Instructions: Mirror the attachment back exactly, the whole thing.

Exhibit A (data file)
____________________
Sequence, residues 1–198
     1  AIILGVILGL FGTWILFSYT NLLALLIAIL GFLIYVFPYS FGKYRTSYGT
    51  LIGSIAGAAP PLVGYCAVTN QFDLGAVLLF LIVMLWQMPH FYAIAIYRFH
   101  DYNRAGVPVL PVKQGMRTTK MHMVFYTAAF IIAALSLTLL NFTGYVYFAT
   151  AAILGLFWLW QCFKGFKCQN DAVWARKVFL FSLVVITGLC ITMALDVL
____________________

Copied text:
Sequence, residues 1–198
     1  AIILGVILGL FGTWILFSYT NLLALLIAIL GFLIYVFPYS FGKYRTSYGT
    51  LIGSIAGAAP PLVGYCAVTN QFDLGAVLLF LIVMLWQMPH FYAIAIYRFH
   101  DYNRAGVPVL PVKQGMRTTK MHMVFYTAAF IIAALSLTLL NFTGYVYFAT
   151  AAILGLFWLW QCFKGFKCQN DAVWARKVFL FSLVVITGLC ITMALDVL